Palestinian village demolished for the ‘100th time since 2010’
“A large number of Israeli police accompanied with bulldozers stormed the village [on Wednesday] at dawn and demolished all the houses, tents and other facilities,” local activist Aziz Al-Touri told The Middle East Monitor media outlet.
Israeli authorities claimed that they leveled the village because it was constructed on state land and didn’t have the necessary building permits.
Another activist, Saleem Araqeeb, said that the demolition of the village went ahead despite a decision by the Israeli Higher Court of Justice that ruled al-Araqib’s lands don’t belong to the state, as quoted by the International Middle East Media Center.
He added that after the decision, Israeli authorities filed another lawsuit urging the court to order al-Araqib’s residents to pay a daily fine of 5,000 shekels (around $1280).
Moreover, the villagers have also been sued for the cost of the first eight demolitions of their village, for which Israel is seeking 1.8 million shekels ($467,000), Al-Jazeera reported.
Even before storming the village, Israeli forces had “been harassing the residents who were hiding in the village cemetery” for days, Al-Touri said, adding that “the locals don’t hope for things to become better.”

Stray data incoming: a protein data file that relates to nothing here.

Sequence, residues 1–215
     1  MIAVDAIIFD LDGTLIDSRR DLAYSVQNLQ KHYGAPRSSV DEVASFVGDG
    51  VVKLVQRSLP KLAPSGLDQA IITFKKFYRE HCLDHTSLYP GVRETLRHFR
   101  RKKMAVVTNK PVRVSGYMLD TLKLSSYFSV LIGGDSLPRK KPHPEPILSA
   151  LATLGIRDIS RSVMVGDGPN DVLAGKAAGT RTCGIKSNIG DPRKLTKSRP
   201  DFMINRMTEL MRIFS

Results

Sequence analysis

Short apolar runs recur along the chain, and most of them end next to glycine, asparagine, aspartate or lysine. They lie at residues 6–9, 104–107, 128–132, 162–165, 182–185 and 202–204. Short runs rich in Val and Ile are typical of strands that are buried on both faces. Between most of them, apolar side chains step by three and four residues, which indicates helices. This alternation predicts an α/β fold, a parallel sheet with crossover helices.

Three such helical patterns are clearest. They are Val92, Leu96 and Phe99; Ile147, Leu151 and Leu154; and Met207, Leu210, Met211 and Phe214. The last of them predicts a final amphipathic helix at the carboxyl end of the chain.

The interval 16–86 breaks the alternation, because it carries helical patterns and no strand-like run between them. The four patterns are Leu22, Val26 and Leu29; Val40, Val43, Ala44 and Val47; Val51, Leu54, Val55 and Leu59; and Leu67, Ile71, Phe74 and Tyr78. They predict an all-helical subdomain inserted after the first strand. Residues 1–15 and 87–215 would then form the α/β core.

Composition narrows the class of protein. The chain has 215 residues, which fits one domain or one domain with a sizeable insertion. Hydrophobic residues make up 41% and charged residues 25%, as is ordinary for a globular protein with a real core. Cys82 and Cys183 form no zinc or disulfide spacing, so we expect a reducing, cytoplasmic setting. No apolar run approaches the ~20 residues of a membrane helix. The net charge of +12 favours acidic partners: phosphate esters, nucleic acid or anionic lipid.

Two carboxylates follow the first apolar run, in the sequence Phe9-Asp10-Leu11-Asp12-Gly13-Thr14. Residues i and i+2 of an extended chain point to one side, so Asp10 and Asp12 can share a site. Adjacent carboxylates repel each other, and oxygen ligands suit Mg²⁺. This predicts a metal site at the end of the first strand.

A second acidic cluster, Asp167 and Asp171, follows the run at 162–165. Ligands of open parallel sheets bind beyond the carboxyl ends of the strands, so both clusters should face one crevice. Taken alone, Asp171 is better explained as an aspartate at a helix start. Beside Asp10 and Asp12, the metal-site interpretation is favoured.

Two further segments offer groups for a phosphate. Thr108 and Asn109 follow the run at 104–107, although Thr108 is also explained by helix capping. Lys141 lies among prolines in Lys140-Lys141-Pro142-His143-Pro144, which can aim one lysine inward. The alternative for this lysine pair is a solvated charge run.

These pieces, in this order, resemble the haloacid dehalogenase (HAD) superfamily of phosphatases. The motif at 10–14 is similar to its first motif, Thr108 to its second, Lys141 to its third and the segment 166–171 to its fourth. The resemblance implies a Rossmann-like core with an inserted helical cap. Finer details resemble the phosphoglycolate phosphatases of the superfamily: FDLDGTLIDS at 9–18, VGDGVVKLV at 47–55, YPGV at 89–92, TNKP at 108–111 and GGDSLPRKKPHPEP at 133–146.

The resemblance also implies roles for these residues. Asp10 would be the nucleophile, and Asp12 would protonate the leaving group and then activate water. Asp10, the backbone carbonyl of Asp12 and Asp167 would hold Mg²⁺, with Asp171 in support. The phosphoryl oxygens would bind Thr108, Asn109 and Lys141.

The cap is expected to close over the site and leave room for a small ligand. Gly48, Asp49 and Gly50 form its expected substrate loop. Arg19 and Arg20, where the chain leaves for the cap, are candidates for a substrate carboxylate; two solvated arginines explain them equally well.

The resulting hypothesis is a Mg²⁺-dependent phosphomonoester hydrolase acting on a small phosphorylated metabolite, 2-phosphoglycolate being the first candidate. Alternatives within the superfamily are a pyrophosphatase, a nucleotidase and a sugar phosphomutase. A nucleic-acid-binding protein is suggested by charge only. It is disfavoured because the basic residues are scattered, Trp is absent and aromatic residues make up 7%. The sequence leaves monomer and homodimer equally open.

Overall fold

“When we rebuild the village, we expect the Israeli occupation to raid and demolish it at any time,” Al-Touri said.
However, the residents won’t give up, he added. The “oppressive and inhumane” acts against the villagers will only see their love for their land grow, the activist said.
Between 70,000 and 90,000 people live in largely Bedouin villages of the Negev desert, and Al-Araqib is one of the about 40 Negev villages that Israeli authorities have declared unrecognized.
Currently, some 53,000 Palestinian Bedouins living in those villages can’t prove land ownership and about 100 homes have been destroyed since the beginning of 2015 alone.
The residents of these villages are full Israeli citizens, but the state doesn’t provide them with water, electricity, infrastructure, or sewage systems.
In most of the villages, there are no basic state services like schools and hospitals.